Newfield sees big Uinta oil potential in new plays

By OGJ editors
HOUSTON, July 20
-- Newfield Exploration Co., Houston, said it sees a net resource potential of more than 700 million bbl of oil equivalent on its holdings in the Uinta basin in the wake of two acquisitions that closed in May that added 70,000 net acres for $300 million.

Newfield will increase its operated rig count from the historic five rigs to eight in 2012 to aggressively develop its 6,000-plus well inventory of oil locations. The company owns working interests averaging more than 70% in 250,000 net acres in the basin.

The company expects 2012 Uinta basin daily production to increase at least 25% from 2011. The increased play options combined with fewer permitting constraints will allow Newfield to greatly increase its future growth in production and reserves there.

Newfield has drilled six horizontal wells to the Uteland Butte member of the Eocene Green River formation at 6,000-9,000 ft true vertical depth, which covers 80% of the company’s acreage in the basin. The wells, in Monument Butte field, had initial rates of 500 b/d of oil equivalent, more than six times that of a traditional vertical Green River well.

Based on an estimated inventory of at least 1,800 locations at 160-acre spacing, Newfield’s net resource potential associated with the Uteland Butte formation is nearly 300 million boe. The company estimates average a gross EUR of 300,000 boe/well for $2.8 million/well. It plans four more wells in 2011 and more than 30 in 2012.

The Eocene Wasatch formation at 9,000-11,000 ft has produced more than 400 million boe in the southerly extension of giant Altamont-Bluebell field. In the last year, eight vertical wells have been drilled on Newfield’s acreage. Recent vertical wells averaged gross initial potential rates above 1,000 boe/d.

Newfield estimates a net Wasatch resource potential of more than 45 million boe. It has identified 380 locations on 320-acre spacing with EURs expected to average more than 260,000 boe. Completed well costs range from $1.2-3.3 million. The company believes future application of horizontal drilling and completion technology and increased drilling density could double the expected net resource potential.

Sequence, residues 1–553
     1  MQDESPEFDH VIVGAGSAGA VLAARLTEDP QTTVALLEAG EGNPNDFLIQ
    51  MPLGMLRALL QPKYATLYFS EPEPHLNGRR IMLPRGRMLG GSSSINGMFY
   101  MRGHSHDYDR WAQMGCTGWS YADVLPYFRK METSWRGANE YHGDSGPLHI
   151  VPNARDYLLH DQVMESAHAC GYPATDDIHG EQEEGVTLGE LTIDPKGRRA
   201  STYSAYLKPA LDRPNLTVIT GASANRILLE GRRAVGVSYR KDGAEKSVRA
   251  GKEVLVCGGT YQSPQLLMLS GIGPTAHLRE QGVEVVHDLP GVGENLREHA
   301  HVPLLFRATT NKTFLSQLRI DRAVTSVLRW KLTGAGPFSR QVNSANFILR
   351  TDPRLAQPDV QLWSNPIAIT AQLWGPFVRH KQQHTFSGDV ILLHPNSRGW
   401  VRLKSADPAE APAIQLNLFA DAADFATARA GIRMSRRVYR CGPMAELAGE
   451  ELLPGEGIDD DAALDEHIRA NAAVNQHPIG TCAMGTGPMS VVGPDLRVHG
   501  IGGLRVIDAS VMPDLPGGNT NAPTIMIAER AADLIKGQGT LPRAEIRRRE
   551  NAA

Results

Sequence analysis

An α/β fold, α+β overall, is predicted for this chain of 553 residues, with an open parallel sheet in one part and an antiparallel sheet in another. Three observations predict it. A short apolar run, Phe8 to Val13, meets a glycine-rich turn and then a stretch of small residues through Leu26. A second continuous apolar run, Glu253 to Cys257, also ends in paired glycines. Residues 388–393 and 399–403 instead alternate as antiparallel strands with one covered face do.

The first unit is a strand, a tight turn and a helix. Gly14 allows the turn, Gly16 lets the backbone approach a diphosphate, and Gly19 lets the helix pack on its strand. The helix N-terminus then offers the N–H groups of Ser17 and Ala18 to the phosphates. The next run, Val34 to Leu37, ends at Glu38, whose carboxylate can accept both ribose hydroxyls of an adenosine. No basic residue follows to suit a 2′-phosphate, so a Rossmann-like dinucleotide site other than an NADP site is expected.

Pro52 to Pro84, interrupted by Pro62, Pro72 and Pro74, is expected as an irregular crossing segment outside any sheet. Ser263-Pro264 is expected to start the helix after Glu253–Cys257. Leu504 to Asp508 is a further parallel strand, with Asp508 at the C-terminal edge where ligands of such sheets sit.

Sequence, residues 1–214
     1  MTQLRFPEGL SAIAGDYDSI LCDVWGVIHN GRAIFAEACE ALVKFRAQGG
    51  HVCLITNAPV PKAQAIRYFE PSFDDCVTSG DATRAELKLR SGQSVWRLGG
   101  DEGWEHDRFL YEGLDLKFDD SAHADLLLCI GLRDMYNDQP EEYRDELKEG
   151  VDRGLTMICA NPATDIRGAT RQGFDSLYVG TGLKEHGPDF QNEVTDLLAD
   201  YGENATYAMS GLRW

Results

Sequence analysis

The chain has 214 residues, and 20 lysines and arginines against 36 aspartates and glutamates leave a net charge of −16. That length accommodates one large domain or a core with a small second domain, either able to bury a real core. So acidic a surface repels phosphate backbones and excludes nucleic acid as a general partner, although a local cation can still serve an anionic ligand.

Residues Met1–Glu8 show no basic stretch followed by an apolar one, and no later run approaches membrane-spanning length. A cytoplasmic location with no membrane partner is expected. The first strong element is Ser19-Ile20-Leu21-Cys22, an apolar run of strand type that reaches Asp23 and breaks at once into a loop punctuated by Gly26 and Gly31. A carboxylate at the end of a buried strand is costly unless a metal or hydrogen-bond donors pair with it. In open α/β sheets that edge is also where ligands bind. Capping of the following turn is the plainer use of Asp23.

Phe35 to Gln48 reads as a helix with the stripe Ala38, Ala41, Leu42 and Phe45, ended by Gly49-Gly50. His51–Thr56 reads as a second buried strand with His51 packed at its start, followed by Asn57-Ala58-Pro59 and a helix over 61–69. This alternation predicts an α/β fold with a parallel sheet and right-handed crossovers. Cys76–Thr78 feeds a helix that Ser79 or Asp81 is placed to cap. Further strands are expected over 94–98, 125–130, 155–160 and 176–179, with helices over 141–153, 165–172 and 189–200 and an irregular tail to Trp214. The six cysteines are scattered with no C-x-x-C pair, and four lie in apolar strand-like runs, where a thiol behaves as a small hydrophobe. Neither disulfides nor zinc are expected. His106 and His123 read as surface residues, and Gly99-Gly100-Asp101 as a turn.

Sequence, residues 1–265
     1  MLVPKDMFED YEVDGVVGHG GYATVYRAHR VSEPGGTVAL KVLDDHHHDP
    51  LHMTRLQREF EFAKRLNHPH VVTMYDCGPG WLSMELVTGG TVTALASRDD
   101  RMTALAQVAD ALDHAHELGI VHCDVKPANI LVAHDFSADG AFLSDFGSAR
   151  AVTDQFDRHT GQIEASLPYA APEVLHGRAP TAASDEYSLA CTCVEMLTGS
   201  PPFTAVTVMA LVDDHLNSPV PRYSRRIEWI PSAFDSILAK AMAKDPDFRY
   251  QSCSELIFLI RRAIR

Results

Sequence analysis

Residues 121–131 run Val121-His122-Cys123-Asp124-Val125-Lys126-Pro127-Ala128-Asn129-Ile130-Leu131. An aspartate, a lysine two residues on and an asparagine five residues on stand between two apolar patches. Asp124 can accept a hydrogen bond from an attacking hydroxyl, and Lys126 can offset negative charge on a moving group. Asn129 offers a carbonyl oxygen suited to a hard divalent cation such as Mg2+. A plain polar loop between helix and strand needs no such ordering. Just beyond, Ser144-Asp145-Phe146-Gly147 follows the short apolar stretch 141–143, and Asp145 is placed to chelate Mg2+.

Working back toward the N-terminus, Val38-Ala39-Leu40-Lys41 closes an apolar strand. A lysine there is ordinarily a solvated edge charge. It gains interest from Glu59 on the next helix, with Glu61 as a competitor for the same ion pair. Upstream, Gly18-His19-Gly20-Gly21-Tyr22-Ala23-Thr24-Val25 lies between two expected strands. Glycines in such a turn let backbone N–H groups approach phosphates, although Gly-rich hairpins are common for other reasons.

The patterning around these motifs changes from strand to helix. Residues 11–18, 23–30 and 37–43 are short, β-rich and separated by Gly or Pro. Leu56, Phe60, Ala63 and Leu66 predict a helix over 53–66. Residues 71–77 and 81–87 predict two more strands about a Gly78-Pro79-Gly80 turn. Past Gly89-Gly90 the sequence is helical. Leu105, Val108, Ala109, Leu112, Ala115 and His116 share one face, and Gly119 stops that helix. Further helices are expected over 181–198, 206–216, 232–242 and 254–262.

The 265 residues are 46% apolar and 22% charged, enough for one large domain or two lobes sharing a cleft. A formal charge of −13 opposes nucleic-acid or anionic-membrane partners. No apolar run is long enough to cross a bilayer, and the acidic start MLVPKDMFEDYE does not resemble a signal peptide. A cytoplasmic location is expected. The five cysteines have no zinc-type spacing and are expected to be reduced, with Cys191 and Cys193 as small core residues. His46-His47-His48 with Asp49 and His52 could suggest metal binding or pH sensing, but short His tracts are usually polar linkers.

The company expects to complete 25 more Wasatch wells this year and at least 50 in 2012.

Newfield has been developing the shallow Green River formation since entering the basin in 2004. The oil play is economic on at least 165,000 net acres, and 2,100 wells have been drilled.

More than 4,000 locations remain on 20-acre spacing in Monument Butte and on 40-acre spacing in the Central Basin. The company’s Monument Butte acreage is under US Bureau of Land Management jurisdiction. At the current drilling pace, the inventory will last more than 10 years.

Newfield has drilled more than 300 wells on the Central Basin acreage and, with further data, believes the area could be prospective for future waterflood and 20-acre development. Current resource estimates do not include the potential for 20-acre spacing or secondary recovery in the Central Basin.

Newfield estimates that the Green River formation has net remaining resource potential of 360 million boe, including developed and undeveloped waterflood potential only in Monument Butte. At yearend 2010, Newfield had proved reserves in the Green River formation of 140 million boe.

Gross production from the Uinta basin has grown to 22,000 b/d of oil from 7,000 b/d. Green River wells are being drilled and completed in 4-5 days for $930,000/well for gross EURs of 75,000 boe.

Since Newfield’s 2004 entry into Monument Butte field, expected recovery of oil in place has increased from 8% to 16% or more. Newfield expects to drill 300 wells in the shallow Green River in 2011 and 250-300 wells in 2012 as additional resources are allocated toward the new Uteland Butte and Wasatch plays.

Newfield is investing $75 million into field infrastructure projects in 2011, which will nearly match the company’s cumulative investment in infrastructure from 2004 to 2010. As development drilling has moved northeast and into deeper geologic horizons, the gas-oil ratio has increased. As a result, more compression and enhanced gathering infrastructure are required.

Once fully operational, the new facilities will allow for increased oil production from these areas. The company expects to invest $100 million into infrastructure projects in 2012 to accommodate long-term oil growth objectives from the basin.

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